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July 3, 2023

MSU unit receives honor for Town and Gown partnership

Community Relations team awarded for partnership with East Lansing community in aftermath of Feb. 13 violence

This story refers to the violence the Michigan State University community experienced in February. FAQs, important updates, messages from campus leaders as well as mental health and supportive resources are available.

Michigan State University’s Community Relations team received the International Town and Gown Association, or ITGA, Presidential Excellence Award for their partnership with the East Lansing community in the aftermath of the violence the Michigan State University community experienced Feb. 13. They received this award at this year’s 2023 ITGA City & University Relations Conference.

The ITGA is a global non-profit association dedicated to college campus and community interests. As stated on their website, ITGA “is the premier resource for addressing challenges, emerging issues and opportunities between and amongst institutions of higher education and the communities in which they reside.”

Suchitra Webster, director of Michigan State University’s Student and Community Relations unit, was present to accept the award and posted on social media shortly thereafter, “We were absolutely honored and humbled to accept this award in the aftermath of Feb. 13.”

By 8 a.m. the morning after the violence on campus on the night of Feb. 13, Michigan State University had partnered with the City of East Lansing’s Parks, Recreation and Arts Department to offer a Mental Health Support Facility for students, faculty, staff and family members at the Hannah Community Center.

Webster noted that setting up the facility and pulling the community together was an incredibly simple process due to the relationships that have been established between the community relations team and the City of East Lansing. She added Janet Lillie from MSU’s Government Relations and Cathy DeShambo of East Lansing were instrumental in the planning.

“It was a matter of text messages, and within hours we had all the space we needed,” Webster noted. “I did not hear words like 'we'll see,’ 'not sure' or 'no.' They were all in, all the time.”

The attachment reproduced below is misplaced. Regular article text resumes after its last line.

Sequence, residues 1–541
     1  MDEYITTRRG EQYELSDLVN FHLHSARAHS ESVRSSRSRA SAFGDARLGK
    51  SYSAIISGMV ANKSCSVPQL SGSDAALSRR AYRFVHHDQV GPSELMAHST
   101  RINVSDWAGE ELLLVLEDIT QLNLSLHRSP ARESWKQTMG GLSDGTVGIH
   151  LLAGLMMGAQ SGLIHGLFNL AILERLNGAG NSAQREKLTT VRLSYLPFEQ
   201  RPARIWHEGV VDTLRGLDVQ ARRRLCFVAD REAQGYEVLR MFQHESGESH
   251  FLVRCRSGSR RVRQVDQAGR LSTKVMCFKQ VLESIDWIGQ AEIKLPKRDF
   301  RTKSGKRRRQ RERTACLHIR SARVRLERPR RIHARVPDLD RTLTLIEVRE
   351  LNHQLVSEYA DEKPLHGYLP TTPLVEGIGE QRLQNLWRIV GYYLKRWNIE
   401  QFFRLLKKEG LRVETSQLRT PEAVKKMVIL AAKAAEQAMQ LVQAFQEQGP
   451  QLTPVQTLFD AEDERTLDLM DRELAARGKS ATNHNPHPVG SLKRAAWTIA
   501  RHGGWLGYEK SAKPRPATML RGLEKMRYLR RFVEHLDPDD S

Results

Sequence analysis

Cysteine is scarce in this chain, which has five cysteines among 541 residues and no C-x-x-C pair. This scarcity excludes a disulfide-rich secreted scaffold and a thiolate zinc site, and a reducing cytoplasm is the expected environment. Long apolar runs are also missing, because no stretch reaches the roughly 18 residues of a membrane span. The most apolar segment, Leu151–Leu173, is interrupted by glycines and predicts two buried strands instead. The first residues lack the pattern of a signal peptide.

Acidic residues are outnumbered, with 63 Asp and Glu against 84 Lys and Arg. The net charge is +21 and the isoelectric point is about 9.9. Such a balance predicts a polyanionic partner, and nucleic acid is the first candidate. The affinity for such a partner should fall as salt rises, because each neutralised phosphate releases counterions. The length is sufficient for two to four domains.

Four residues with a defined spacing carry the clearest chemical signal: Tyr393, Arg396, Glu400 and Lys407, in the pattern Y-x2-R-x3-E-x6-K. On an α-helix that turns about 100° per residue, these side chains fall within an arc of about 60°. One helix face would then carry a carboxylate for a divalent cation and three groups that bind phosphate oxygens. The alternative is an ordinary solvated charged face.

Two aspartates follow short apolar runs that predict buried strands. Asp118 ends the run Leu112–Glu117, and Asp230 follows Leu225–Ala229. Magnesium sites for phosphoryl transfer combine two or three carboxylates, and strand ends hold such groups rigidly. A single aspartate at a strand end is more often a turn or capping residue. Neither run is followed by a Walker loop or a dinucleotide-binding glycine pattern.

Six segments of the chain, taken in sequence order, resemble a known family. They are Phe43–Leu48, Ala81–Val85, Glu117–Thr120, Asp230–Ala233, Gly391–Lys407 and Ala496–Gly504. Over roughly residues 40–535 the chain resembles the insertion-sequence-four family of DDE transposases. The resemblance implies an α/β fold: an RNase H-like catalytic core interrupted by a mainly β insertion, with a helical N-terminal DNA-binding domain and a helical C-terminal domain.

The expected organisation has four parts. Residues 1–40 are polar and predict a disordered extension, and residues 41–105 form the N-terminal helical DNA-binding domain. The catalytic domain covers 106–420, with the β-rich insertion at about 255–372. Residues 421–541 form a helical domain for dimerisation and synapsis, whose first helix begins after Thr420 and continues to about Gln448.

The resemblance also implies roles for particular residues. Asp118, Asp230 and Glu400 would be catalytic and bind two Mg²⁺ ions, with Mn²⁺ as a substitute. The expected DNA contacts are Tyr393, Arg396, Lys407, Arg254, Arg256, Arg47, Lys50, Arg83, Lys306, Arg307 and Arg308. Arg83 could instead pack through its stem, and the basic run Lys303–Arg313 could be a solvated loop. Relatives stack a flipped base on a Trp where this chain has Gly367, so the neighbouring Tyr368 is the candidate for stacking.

The work at the Hannah Community Center lasted for roughly three weeks. Webster shared her gratitude to the staff at the center, as well as the many partners that came together to support the Spartan community.

“MSU’s University Health and Wellbeing staff were also key after the center was up and running,” Webster added. “And we must also acknowledge the tireless work of support animals, handlers, and all of the clinicians and mental health professionals who came from across the state to volunteer.”

The relationship between a university and the town in which it resides is a special one for Webster, particularly the strength that can be found in coming together as one community.

“Every member is an asset and brings something specific to the table. Getting people to the table, even in divisive times, is critical, as are the simple (or not so simple) acts of communication and compromise.”

This event highlighted the importance of consistently working together on safety, placemaking and big picture problems over the years.

“Feb. 13 was a crucible moment, and it made it clear that the mundane work of relationship and trust building is really lifted and illuminated when that moment of need and crisis emerges,” Webster said.

The Presidential Excellence Award was created as a way to highlight ITGA members who demonstrate exceptional performance leadership, educational achievement and/or volunteer service. The president reviews nominations and makes the final selection based on who best reflects the mission of the ITGA.

This year’s Presidential Excellence Award was an emotional one for the ITGA community. This long-standing partnership and mutually beneficial relationship played a crucial role in fostering prompt care and recovery following this tragedy.

This story originally appeared on the Student Life and Engagement website.

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